summative work (worth 30% of the final mark). Summative work consists of
the Final Exam (20%) and the Culminating Activity (10%)
Evaluation Policy: Students will be assessed & evaluated according to the work produced & skills displayed. Methods of providing
feedback will include assessing work in process & evaluating completed assignments, tests, co-operative learning activities, simulations
and presentations. Peer & self-evaluations will also be utilized. Student marks will be determined by evaluating process & product
according to 4 categories & 4 levels. Please see the chart below for specific skills and key words used to determine student competency in
the different categories.
Level 1:
Level 2:
Level 3:
Level 4:
-Some success
display of
in displaying
display of
understanding of
 Knowledge of facts & terms
knowledge skills
concepts and ability
 Understanding of concepts & relationships
skills and
skills and
and ability to apply to communicate,
ability to apply application of
think creatively and
 Critical thinking skills
apply concepts
 Creative thinking skills
 Inquiry Skills
 Communication of ideas and information
 Use of symbols & visuals
 Oral & written communication
 Applications in familiar contexts
 Transfer of concepts to new contexts
 Making logical conclusions and predictions
 Use of technology
 Making connections
Feedback will also be provided for student learning skills. Skills like working independently, team work, organization, work
habits and homework, and initiative are assessed independently student achievement and will be conducted through the use of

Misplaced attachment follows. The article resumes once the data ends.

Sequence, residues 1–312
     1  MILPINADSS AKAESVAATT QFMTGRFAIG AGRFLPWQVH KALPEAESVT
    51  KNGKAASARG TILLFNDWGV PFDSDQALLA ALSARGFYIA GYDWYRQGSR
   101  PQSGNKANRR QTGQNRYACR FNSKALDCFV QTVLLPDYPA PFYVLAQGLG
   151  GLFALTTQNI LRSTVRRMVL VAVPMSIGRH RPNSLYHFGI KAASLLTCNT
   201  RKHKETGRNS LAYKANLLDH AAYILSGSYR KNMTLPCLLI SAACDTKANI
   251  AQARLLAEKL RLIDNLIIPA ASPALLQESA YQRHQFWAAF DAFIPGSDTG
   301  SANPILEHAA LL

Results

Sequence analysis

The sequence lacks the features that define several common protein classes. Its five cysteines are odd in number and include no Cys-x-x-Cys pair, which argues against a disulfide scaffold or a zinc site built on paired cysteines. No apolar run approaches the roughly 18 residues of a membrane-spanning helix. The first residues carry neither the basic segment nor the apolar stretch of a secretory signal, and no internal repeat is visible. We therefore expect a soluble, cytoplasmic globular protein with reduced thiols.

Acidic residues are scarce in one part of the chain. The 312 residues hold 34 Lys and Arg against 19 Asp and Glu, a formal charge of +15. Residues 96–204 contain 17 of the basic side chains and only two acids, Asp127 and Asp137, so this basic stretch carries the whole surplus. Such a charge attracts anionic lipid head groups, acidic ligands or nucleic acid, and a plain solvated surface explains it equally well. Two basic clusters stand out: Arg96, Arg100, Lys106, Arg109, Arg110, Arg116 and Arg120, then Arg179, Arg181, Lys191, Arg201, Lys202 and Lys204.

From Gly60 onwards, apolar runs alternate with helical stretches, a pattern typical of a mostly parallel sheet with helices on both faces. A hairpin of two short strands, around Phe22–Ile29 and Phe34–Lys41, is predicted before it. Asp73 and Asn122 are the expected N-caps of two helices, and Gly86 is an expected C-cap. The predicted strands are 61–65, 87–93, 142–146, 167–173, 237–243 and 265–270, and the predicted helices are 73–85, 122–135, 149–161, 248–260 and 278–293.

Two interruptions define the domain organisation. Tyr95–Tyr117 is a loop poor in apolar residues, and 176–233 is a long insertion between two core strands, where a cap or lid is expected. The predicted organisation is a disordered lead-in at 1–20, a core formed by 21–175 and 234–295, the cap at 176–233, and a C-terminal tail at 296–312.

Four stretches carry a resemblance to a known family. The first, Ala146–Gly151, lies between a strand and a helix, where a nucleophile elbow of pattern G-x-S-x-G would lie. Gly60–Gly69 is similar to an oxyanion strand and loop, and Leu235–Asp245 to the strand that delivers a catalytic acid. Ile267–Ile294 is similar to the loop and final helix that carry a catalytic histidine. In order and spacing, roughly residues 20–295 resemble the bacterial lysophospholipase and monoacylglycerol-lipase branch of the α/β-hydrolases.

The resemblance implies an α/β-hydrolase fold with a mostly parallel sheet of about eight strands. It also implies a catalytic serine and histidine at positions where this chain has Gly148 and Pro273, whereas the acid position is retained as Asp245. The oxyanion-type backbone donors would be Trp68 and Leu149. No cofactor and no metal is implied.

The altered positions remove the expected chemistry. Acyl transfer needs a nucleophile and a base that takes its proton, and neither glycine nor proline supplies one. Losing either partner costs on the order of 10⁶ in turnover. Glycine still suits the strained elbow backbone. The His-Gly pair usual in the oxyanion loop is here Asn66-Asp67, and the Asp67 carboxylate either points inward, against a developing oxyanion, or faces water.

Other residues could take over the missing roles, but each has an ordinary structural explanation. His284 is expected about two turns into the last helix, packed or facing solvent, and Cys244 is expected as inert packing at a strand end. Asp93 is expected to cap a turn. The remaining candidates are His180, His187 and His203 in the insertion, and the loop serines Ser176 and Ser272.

a rubric indicating specific criteria to be achieved to receive each of the following letter grades:
E –Excellent
G – Good
S – Satisfactory
N - Needs Improvement
Other Evaluation Issues
LATE ASSIGNMENTS. Assignments submitted after the Primary Due Date established by the teacher will be accepted with a penalty of
5% off for the first day late and 2% for subsequent days to a maximum of 10%. This four day Penalty Zone is the maximum time
allowed for submissions. The fourth day after the assignment is due is considered the Closure Date upon which no further assignments
will be accepted. If the teacher returns the marked assignments within the four day penalty zone, the date of return is considered the
closure date. Repeated lateness in submissions indicates poor organization skills and will result in parental contact and will be
reflected in the learning skills section of the report card.
INCOMPLETE ASSSIGNMENTS Assignments will be graded according to the extent with which they meet the criteria established in the
rubric or evaluation structure.
MISSED TESTS Tests missed with a legitimate reason will be written within a few days of the student returning from the absence.
Student eligibility to write the test and the date of writing will be at the discretion of the teacher in consultation with the department
CULMINATING ACTIVITIES These activities will be due toward the end of the course. They are valued between 5 and 15 per cent of the
final mark and will reflect course material and competencies not otherwise reflected on the final exam.
Plagiarism in any form reflects academic dishonesty and will result in a mark of zero for the assignment in question.